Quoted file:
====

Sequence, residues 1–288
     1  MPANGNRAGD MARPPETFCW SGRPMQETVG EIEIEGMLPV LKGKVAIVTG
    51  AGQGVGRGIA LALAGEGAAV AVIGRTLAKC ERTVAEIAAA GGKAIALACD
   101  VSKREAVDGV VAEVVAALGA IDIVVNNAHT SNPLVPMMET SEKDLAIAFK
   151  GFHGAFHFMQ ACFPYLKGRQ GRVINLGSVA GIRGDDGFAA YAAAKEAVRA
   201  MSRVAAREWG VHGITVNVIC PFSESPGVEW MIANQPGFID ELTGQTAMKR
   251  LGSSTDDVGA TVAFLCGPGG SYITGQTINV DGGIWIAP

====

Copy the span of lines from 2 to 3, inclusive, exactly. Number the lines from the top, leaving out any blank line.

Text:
     1  MPANGNRAGD MARPPETFCW SGRPMQETVG EIEIEGMLPV LKGKVAIVTG
    51  AGQGVGRGIA LALAGEGAAV AVIGRTLAKC ERTVAEIAAA GGKAIALACD